In 2005, the city installed a historic railroad bridge over a Walnut Creek tributary near Palm Street, just east of McKnight Park West. The bridge had been purchased years earlier for preservation and was dedicated “Jeffryes Crossing” in honor of a longtime member of the park board, Steve Jeffreys. The bridge was an important step in the development of the linear trail, which crosses the water in a number of places. 

Development and Improvement

Phase one of the linear park project opened in 2007 as the Walnut Creek Linear Trail, connecting McKnight Parks East and West to Hardy Allmon Soccer Complex, Rose Park and Town Park. 

On February 12, 2018, the city officially opened Pond Branch Linear Park, which includes a half-mile trail from East Kimball Street along Pond Branch Creek, running parallel to Main Street in Historic Downtown Mansfield. While not connected to the Walnut Creek Linear Trail, it is a key segment of the overall trail master plan and is planned to ultimately link. A 70 foot-wide steel pedestrian bridge at Kimball Street links area homes to the business district, a much-needed connection lost to flooding many years ago. 

On February 11, 2019, the North Main Street Trail was added to connect pedestrians, hikers and bikers to Historic Downtown Mansfield from Walnut Creek Linear Trail at Town Park. The 10-foot wide trails stretch along both sides of North Main Street from Oak Street to Pleasant Ridge Drive. The portion of the trail that crosses the bridge is incorporated into the street, with both lanes of traffic remaining intact but narrowed to accommodate the 14-foot wide trail. Concrete barriers divide the trail from the street traffic and keep pedestrians and cyclists safe from motorists. Once over the bridge, the trails enter Town Park on the east. On the west side of the street, trails continue as sidewalks until Pleasant Ridge Drive, where walking paths end and cyclists transition to the existing street. North Main Street Trail also includes trail and roadway lighting for safety at night. Construction was partially funded by the Federal Transportation Alternatives Program administered through the Department of Transportation.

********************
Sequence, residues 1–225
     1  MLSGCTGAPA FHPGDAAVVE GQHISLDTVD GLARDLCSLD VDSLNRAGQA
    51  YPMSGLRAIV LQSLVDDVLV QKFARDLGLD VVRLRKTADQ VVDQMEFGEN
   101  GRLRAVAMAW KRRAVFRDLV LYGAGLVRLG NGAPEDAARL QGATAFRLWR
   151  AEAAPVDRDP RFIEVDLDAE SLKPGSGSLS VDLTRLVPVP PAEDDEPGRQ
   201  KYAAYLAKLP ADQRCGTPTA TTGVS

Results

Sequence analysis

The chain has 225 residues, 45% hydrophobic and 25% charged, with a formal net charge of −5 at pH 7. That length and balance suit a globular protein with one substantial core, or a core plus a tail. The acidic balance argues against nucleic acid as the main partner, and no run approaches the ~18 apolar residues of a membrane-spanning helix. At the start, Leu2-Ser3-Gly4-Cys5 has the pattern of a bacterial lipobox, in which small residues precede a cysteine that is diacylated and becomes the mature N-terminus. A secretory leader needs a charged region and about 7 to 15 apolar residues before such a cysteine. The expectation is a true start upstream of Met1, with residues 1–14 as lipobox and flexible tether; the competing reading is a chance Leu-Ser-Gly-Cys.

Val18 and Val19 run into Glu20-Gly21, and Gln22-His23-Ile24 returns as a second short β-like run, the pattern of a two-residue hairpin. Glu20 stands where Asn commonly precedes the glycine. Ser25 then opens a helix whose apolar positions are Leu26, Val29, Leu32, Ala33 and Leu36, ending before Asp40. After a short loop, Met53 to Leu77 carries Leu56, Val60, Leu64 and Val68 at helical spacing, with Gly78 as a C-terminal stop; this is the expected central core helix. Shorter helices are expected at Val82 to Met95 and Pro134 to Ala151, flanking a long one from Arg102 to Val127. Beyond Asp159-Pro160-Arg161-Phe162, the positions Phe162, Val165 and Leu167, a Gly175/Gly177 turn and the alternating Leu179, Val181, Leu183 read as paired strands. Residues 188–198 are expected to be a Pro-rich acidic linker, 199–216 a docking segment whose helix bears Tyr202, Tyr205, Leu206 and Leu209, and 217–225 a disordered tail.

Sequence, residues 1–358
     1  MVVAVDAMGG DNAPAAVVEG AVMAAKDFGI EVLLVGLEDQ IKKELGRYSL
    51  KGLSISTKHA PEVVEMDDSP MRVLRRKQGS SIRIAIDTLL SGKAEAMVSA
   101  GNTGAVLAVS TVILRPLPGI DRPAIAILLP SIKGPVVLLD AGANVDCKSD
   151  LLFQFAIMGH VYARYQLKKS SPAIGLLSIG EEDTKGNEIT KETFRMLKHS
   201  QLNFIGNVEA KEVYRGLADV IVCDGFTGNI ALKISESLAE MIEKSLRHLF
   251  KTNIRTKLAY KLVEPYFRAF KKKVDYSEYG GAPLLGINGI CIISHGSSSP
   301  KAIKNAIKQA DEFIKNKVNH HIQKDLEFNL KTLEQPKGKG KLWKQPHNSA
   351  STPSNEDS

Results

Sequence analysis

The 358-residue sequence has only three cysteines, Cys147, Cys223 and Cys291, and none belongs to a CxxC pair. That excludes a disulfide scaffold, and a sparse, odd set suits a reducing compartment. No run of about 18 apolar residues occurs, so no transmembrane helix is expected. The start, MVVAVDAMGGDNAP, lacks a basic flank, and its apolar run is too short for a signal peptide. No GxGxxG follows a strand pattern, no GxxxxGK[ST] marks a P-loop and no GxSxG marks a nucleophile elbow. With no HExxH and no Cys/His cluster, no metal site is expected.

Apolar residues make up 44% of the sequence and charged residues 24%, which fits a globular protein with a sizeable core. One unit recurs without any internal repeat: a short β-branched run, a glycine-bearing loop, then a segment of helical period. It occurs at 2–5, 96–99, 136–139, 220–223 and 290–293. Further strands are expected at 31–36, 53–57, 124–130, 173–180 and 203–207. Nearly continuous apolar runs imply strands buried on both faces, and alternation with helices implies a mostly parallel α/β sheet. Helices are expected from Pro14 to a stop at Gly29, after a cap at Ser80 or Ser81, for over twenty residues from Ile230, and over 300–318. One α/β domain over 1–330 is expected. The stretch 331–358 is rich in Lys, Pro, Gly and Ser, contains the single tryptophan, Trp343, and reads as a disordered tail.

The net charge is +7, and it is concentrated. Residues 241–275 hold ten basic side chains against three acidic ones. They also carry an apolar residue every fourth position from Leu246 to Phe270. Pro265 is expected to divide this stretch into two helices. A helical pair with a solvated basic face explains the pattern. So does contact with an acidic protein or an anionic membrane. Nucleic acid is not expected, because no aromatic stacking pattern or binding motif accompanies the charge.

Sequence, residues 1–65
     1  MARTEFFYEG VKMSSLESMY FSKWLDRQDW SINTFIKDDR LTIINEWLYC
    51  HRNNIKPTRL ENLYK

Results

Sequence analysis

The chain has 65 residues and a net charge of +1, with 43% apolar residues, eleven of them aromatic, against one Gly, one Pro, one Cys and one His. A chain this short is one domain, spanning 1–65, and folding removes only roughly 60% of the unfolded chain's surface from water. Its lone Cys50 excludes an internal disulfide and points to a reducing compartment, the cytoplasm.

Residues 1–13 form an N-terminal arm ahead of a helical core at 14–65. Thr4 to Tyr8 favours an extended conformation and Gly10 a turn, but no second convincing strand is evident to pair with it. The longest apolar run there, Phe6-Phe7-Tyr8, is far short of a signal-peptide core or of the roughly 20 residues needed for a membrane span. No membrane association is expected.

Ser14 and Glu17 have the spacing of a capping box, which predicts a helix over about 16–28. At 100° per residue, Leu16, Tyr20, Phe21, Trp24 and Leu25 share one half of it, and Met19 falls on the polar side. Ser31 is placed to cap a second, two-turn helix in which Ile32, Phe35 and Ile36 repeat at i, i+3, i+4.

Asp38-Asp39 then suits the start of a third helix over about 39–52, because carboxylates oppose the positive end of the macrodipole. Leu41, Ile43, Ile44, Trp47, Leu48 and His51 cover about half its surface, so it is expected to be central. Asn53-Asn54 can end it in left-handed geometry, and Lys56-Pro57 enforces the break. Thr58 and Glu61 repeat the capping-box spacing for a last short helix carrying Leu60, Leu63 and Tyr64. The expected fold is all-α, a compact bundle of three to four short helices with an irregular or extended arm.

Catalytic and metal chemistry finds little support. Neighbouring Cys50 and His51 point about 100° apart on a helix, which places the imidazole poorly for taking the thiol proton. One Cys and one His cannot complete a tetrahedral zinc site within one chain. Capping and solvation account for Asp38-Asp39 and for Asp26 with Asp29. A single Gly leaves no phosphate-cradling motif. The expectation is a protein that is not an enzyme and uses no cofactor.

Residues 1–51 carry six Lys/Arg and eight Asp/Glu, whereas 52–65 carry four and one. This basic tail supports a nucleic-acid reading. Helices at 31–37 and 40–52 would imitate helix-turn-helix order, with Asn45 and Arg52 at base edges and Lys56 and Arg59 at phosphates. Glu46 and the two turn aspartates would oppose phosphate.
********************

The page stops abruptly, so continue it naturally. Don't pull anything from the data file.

On February 15, 2020, Mansfield City Council and Mansfield Park Facilities Development Corporation cut the ribbon on the Phase 2b expansion. The segment stretches from the rear of Elmer W. Oliver Nature Park to the 360 Tollway access road, with 1.25 miles of 12-ft wide concrete trails. A major trailhead is located at Philip Thompson Soccer Complex, with neighborhood access midway-through. 

In 2022, Phase 3A of the Walnut Creek Linear Trail was completed, adding another 1.35 miles behind and around McKnight Park East, through the Shops at Broad development to the intersection of Cannon and Carlin Roads. The addition was welcomed with a 2.22 mile fun run on February 22, 2022 that made a loop down and back along the new trail.

In May 2022, Mansfield voters approved a $10.5 million bond to fund the remaining segments of the Walnut Creek Linear Trail both east towards Joe Pool Lake and west to the Mans Best Field Dog Park and western city limits. 


The Trail is named for the creek it runs alongside, which was originally called Cedar Bluff Creek. Prior to Man and Feild building their gristmill, the area now encompassing the city was known as Walnut Creek, as waterways were crucial to early settlements.